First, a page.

Barbara Jordan: Speaking the Truth with Eloquent Thunder

By Max Sherman | Go to book overview

EROSION OF CIVIL LIBERTIES

MY ONE REGRET FOR THIS SMALL BOOK ON THE WORDS AND wisdom of Barbara Jordan is that her May 11, 1974, commencement address at Howard University, “Erosion of Civil Liberties,” was not recorded in her own voice. It should be the first speech on the DVD that accompanies this text. It is the first speech in the book because she warns us about the mortal danger of entering into a Faustian bargain to give up a little liberty to obtain a little safety. As a fifteen-year-old boy making my first trip to the Statue of Liberty, I made a note from a plaque in the statue's narrow, winding staircase. My note was this quotation from Benjamin Franklin: “They that can give up essential liberty to obtain a little safety deserve neither liberty nor safety.” Barbara's 1974 warning was that we not make this bargain “under the guise of the maintenance of national security.”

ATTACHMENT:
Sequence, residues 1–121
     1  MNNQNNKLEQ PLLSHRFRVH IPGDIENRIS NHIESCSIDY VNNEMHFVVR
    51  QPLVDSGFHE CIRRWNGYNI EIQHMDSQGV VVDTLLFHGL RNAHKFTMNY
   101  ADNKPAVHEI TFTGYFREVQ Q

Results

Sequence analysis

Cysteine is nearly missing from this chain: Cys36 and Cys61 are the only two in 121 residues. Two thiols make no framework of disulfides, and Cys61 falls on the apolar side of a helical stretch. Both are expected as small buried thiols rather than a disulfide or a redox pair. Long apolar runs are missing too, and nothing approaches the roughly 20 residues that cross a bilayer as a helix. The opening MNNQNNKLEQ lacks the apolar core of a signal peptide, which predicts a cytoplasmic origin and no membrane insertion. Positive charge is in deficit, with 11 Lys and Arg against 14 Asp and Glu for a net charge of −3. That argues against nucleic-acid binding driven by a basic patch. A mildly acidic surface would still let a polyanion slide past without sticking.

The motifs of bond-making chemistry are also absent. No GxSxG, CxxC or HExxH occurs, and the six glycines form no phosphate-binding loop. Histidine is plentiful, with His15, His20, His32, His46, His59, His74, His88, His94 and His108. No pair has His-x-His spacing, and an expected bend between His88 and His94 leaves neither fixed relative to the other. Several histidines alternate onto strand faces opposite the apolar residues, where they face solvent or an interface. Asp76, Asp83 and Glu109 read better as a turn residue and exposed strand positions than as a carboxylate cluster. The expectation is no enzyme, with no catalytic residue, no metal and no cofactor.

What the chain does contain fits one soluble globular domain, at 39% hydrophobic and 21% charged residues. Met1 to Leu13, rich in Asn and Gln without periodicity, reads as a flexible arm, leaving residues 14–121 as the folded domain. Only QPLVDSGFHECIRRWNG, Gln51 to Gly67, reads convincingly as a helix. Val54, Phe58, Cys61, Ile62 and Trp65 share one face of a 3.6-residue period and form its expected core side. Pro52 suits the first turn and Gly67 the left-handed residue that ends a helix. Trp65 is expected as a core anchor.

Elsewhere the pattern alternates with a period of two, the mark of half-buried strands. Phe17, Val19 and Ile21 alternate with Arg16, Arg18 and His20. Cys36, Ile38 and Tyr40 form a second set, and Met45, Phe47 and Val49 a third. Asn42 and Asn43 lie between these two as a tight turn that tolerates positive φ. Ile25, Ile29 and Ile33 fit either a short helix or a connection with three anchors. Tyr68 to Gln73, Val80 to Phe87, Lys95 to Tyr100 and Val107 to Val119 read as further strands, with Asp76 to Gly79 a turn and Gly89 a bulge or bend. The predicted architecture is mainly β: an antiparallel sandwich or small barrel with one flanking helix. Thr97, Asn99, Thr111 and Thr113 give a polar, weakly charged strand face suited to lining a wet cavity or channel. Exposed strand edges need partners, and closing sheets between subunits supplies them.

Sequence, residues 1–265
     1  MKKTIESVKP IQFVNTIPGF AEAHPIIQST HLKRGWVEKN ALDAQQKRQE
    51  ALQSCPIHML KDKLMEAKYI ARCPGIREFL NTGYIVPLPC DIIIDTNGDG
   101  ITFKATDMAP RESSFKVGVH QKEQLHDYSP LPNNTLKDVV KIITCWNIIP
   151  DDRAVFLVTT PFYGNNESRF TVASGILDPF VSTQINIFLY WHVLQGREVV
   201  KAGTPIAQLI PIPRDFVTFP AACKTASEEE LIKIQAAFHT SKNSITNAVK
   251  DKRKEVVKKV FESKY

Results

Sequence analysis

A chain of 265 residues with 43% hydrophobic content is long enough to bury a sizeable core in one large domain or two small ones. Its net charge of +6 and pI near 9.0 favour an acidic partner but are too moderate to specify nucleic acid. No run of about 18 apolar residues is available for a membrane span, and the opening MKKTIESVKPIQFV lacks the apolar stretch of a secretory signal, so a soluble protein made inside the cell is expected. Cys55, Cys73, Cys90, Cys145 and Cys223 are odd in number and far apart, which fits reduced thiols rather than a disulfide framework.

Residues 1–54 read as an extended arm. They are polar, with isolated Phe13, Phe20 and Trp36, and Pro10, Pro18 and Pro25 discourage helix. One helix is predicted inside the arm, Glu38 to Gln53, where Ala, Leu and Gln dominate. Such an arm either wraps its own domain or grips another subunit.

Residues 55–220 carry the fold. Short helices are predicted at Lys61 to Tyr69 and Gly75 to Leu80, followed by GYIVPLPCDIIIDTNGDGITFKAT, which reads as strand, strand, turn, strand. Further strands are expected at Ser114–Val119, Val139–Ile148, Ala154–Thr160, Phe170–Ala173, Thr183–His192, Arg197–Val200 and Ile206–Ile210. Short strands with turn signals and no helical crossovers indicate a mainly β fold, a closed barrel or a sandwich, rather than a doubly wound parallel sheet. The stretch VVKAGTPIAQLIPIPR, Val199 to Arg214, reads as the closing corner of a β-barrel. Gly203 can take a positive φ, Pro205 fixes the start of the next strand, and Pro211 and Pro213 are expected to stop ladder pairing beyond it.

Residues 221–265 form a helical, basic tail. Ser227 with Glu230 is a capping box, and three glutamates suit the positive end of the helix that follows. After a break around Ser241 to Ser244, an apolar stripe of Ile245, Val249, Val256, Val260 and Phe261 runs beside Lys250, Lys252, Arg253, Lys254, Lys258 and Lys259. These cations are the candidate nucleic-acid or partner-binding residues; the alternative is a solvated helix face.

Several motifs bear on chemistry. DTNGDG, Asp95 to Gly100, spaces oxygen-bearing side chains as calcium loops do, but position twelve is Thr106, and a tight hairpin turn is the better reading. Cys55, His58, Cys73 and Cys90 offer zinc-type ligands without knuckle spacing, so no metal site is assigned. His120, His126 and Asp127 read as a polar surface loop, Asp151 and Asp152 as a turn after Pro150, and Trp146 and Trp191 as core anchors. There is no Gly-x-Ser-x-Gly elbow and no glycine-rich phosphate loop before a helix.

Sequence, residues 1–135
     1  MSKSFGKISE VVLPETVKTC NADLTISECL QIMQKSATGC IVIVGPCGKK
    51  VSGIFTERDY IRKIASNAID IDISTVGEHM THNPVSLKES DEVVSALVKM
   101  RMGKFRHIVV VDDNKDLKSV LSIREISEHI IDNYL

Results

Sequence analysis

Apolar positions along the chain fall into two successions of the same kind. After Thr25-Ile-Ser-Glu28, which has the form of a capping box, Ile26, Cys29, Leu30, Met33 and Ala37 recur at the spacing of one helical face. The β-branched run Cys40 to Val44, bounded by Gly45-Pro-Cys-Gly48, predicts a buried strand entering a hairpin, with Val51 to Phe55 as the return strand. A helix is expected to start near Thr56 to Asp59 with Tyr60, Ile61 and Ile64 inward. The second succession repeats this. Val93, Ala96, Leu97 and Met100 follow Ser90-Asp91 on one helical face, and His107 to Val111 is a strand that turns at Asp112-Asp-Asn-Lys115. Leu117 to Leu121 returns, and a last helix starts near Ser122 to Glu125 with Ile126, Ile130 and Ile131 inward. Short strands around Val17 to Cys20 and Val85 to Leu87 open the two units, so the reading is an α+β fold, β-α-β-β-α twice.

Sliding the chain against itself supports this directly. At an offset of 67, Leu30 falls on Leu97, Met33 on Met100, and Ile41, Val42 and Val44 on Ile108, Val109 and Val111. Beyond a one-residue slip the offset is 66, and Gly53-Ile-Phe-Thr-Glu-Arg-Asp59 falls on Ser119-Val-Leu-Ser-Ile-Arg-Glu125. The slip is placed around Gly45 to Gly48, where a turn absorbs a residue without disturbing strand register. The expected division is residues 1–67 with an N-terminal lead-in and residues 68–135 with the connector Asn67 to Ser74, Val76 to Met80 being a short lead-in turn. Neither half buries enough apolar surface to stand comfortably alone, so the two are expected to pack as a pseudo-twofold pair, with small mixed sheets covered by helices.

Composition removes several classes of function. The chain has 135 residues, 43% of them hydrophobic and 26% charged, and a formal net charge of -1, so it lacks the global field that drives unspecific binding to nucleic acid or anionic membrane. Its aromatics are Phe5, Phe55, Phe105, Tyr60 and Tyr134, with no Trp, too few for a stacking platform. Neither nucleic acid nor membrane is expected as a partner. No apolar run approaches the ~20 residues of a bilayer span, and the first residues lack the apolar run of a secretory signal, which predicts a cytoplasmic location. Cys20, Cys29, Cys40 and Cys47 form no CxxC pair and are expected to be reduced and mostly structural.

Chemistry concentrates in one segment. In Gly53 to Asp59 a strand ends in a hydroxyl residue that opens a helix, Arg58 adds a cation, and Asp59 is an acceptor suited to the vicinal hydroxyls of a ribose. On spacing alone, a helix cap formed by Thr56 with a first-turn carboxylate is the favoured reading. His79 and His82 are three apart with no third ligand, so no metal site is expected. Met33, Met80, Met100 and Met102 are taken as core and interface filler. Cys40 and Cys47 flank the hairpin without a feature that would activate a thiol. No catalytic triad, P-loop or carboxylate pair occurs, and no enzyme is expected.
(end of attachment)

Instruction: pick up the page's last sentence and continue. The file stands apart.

Barbara's emphatic statement that “your government has violated civil liberties” was supported by early 1970s examples of the expansion of government power to use wiretaps, search warrants, and other surveillance techniques —examples familiar to us now through the USA Patriot Act. She then addressed the consequences for those graduates to whom she was speaking:

You, the graduate, will emerge from academia with the expecta-
tion, and with the hope, that you will be free to pursue your life
as you define it, and you are going to hope that no one will inter-
fere with your definition of your life. You have a basis for that pre-
sumption because there is something in the history of the United
States which says that freedom, that liberty, is a part of what we
are about. That history started in 1776, and now, almost two hun-
dred years later, those freedoms which were so painfully gained

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